Here is an exercise to help you reflect on an issue or incident where you felt or still feel guilty:

Gently close your eyes and focus your awareness on your breathing. Hear your own voice whispering to you, “I am calm and relaxed. I am calm and relaxed.”

Bring into focus the incident that gives you a feeling of guilt. Visualize reliving that experience.

Return to the awareness of your breathing and the whisperings of your inner voice.

Identify all aspects of the incident for which you can take responsibility (e.g., blaming, making accusations without having the fact, escalating the problem, making insinuations, not listening, yelling or shouting, knowing better at the time, etc).

Identify all aspects for which you cannot take responsibility (e.g., the circumstances at the time, other people’s interventions, your physical condition such as illness or fatigue, the choice seemed right at the time, etc.)

Now visualize how this event would have evolved if you had not done what you did or had not made your specific contributions.

How would you have liked to present yourself ?

Return to the awareness of your breathing and the whisperings of your inner voice.

If you had the chance to live this experience over again, what would you do differently?

Now visualize and replay this incident having the insights and hindsight you have gained about yourself.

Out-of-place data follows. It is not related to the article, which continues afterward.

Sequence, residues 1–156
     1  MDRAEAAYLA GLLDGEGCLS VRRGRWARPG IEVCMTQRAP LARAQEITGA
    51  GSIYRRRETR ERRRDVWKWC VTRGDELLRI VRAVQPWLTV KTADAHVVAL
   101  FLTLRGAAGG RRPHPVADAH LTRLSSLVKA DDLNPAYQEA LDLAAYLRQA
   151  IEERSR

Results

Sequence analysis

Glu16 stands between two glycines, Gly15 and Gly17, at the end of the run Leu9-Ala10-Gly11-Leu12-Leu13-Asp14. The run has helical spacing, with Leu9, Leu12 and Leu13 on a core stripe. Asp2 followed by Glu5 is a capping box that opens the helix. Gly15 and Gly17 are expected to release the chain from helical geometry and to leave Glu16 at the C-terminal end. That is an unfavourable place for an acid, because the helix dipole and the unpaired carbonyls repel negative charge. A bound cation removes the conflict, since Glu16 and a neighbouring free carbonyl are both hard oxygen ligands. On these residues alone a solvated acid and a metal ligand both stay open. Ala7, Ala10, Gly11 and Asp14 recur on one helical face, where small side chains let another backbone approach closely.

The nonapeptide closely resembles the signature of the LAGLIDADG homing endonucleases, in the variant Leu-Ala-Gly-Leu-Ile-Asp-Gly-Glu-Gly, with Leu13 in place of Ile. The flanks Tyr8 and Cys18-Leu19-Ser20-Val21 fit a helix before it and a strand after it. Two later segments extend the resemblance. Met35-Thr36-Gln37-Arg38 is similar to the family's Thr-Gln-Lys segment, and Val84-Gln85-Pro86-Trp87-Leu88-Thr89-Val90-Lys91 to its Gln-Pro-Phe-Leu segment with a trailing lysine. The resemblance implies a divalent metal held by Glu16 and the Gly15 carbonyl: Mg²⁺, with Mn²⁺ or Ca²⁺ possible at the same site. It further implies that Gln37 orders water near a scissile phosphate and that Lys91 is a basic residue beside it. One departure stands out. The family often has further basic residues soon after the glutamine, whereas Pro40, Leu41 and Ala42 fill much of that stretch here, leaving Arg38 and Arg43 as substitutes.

Can you do better the next time if a similar incident were to arise?

When you have made all the changes you have identified, return to the awareness of your breathing.

Notice the feelings and sensations in your body. Notice the sounds around you.

When you are ready, gently open your eyes, noticing where you are, and how you are feeling.

Jot down notes about what you have learned from this experience.

How will you integrate this in your daily life?

What has been the value of this experience for you?

If you continue to struggle with unresolved guilt that controls or torments you, please consider talking to a trained counselor. They may help you feel safe enough to talk about things that you consider too shameful to admit and rectify that have been buried inside, perhaps for a long time. The Alzheimer’s Association has a 24/7 helpline (1-800-272-3900) where you can speak to a professional about counseling services.

If caring for a loved one begins to feel overwhelming and too difficult to manage, it is time to consider bringing in home care help or placement in a licensed facility.

suitcases-pixabay1181806_640There is no magic solution we can take to overcome unhealthy guilt. For our mental well-being, each of us has to learn to cope, and find our own ways to discard unhealthy guilt. We have to stop berating ourselves, accept what’s done, make amends to fix or correct any damage, and decide to let it go. Do some psychological “spring cleaning.” Make that decision today to unload the baggage of unhealthy guilt. Your caregiving role will be that much lighter!

May you find peace, patience, and joy in your caregiving today and every day!

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I want to acknowledge my friend and mentor, Merle Stern, for composing the above reflection on guilt. Thank you for your support and encouragement.